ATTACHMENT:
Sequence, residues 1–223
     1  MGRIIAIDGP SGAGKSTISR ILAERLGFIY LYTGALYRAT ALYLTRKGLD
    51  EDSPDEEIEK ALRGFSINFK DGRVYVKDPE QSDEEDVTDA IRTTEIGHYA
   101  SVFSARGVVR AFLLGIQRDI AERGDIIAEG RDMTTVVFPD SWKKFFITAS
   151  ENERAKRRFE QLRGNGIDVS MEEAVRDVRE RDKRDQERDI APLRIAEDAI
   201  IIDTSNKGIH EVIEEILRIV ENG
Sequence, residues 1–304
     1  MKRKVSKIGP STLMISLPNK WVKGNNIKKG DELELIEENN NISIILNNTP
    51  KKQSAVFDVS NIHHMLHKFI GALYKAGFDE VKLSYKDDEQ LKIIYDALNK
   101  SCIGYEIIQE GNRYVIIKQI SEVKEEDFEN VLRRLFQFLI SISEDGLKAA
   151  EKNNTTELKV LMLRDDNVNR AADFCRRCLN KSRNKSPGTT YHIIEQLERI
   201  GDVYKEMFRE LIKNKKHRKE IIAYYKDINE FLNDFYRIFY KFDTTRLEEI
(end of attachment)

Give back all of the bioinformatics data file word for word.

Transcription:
Sequence, residues 1–223
     1  MGRIIAIDGP SGAGKSTISR ILAERLGFIY LYTGALYRAT ALYLTRKGLD
    51  EDSPDEEIEK ALRGFSINFK DGRVYVKDPE QSDEEDVTDA IRTTEIGHYA
   101  SVFSARGVVR AFLLGIQRDI AERGDIIAEG RDMTTVVFPD SWKKFFITAS
   151  ENERAKRRFE QLRGNGIDVS MEEAVRDVRE RDKRDQERDI APLRIAEDAI
   201  IIDTSNKGIH EVIEEILRIV ENG
Sequence, residues 1–304
     1  MKRKVSKIGP STLMISLPNK WVKGNNIKKG DELELIEENN NISIILNNTP
    51  KKQSAVFDVS NIHHMLHKFI GALYKAGFDE VKLSYKDDEQ LKIIYDALNK
   101  SCIGYEIIQE GNRYVIIKQI SEVKEEDFEN VLRRLFQFLI SISEDGLKAA
   151  EKNNTTELKV LMLRDDNVNR AADFCRRCLN KSRNKSPGTT YHIIEQLERI
   201  GDVYKEMFRE LIKNKKHRKE IIAYYKDINE FLNDFYRIFY KFDTTRLEEI